Google hacking


Google hacking, also named Google dorking,[1][2] is a hacker technique that uses Google Search and other Google applications to find security holes in the configuration and computer code that websites are using.[3] Google dorking could also be used for OSINT.


"Google hacking" involves using advanced operators in the Google search engine to locate specific errors of text within search results. Some of the more popular examples are finding specific versions of vulnerable Web applications. A search query with intitle:admbook intitle:Fversion filetype:php would locate all web pages that have that particular text contained within them. It is normal for default installations of applications to include their running version in every page they serve, for example, "Powered by XOOPS 2.2.3 Final".

Devices connected to the Internet can be found. A search string such as inurl:"ViewerFrame?Mode=" will find public web cameras.

Another useful search is following intitle:index.of followed by a search keyword. This can give a list of files on the servers. For example, intitle:index.of mp3 will give all the MP3 files available on various types of servers.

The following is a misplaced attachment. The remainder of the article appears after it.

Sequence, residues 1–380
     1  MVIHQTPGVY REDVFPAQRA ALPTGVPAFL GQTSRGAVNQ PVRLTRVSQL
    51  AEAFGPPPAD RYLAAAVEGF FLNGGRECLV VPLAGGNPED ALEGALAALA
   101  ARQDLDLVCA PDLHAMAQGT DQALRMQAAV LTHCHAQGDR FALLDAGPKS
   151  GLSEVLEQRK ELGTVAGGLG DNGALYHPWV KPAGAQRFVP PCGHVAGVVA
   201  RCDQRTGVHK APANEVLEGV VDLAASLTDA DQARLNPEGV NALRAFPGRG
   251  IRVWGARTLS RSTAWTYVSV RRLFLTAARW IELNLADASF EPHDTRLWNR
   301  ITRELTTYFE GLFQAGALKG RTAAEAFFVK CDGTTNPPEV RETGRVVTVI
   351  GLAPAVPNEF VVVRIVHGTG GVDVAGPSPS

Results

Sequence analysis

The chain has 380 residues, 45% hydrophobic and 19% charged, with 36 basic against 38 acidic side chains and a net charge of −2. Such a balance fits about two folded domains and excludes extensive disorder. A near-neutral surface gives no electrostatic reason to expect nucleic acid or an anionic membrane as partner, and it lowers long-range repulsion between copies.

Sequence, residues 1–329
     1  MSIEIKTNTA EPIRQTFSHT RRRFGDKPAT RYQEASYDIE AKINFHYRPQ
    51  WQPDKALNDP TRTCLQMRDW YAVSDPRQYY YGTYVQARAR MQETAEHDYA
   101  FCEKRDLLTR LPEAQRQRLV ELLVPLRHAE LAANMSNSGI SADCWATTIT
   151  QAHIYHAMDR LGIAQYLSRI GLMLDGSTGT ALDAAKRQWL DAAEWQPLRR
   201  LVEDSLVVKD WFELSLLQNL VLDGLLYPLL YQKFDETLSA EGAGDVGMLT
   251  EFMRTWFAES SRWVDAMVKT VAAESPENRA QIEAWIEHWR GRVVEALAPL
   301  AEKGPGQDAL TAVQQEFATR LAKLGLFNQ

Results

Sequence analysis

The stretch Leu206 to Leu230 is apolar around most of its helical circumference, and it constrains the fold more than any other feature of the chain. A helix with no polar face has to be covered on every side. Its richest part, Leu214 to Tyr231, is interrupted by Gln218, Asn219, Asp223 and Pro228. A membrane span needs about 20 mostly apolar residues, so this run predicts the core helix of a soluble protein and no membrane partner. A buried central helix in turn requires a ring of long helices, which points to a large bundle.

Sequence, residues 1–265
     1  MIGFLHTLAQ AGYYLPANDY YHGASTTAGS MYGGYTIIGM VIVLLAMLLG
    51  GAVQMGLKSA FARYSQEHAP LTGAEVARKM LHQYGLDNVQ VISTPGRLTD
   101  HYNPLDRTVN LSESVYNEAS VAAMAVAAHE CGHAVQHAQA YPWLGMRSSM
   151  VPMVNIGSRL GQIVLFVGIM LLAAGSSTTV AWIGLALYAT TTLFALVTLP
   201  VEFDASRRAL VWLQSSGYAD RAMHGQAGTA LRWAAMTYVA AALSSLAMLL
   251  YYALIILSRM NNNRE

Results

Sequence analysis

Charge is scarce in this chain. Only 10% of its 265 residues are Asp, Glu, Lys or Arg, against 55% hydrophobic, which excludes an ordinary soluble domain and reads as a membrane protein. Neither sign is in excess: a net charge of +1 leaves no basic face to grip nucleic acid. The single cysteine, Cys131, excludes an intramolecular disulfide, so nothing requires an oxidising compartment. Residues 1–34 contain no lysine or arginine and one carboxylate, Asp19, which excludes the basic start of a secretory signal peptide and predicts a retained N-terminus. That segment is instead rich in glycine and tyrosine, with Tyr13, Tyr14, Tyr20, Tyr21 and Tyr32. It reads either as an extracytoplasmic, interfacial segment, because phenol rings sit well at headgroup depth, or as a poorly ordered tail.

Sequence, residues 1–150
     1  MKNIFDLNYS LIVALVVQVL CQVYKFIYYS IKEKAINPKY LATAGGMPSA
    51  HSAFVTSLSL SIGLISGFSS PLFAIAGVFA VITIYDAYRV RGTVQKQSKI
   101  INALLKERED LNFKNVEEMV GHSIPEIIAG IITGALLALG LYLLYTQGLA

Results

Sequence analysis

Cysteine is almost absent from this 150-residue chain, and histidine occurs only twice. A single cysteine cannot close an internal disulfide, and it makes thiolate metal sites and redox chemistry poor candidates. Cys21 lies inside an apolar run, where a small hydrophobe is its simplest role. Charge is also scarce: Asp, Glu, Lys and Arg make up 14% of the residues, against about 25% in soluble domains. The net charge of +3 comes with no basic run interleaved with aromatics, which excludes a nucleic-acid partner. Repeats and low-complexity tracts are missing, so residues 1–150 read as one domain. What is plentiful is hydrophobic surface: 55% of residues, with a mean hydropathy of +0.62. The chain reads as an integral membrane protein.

You can use symbols or words in your search to make your search results more precise.[4]

  • Google Search usually ignores punctuation that isn’t part of a search operator.[4]
  • Don’t put spaces between the symbol or word and your search term. A search for will work, but site: won’t.[4]

Advanced operators

Many similar advanced operators can be used to exploit insecure websites:

Operator Example Purpose Mixes with Other Operators? Can be used Alone? Web Images Groups News
site Search specific site yes yes yes yes yes yes
related Search for related sites yes yes
cache Search with Google's cached version of a site yes yes
intitle intitle:wikipedia Search page Title yes yes yes yes yes yes
allintitle[5] allintitle:wikipedia Search page title yes yes yes yes yes yes
subject Group subject search yes yes yes yes yes yes
inurl inurl:wikipedia Search URL yes yes yes yes yes yes
allinurl allinurl:wikipedia Search URL yes yes yes yes yes yes
filetype filetype:pdf Search results will only be of this file type yes yes yes yes yes
intext intext:wiki Search text of page only yes yes yes yes yes yes
allintext allintext:wiki Search text of page only no yes yes yes yes no
"" "Wikipedia" Search for exact word match yes yes
+ jaguar + car Search for more than one specific key yes yes
- jaguar speed -car Exclude words from your search yes yes
OR jaguar OR car Combines two searches yes yes
* how to * to Wikipedia Wildcard operator yes yes
link link:wikipedia Search for links to pages yes yes yes yes yes yes
inanchor inanchor:wikipedia[6] Search link anchor text yes yes yes yes yes yes
daterange Search in date range yes yes yes yes yes yes
author Group author search yes yes yes yes yes yes
group Group name search yes yes yes yes yes
msgid Group msgid search yes yes yes yes
imagesize imagesize:320x320 Image results will only be of this size yes yes no yes
@ @wikipedia Search Social Media yes yes
# #wiki Search for hashtags yes yes
$ camera $400 Search for a price yes yes
.. camera $50..$100 Search within a range of numbers yes yes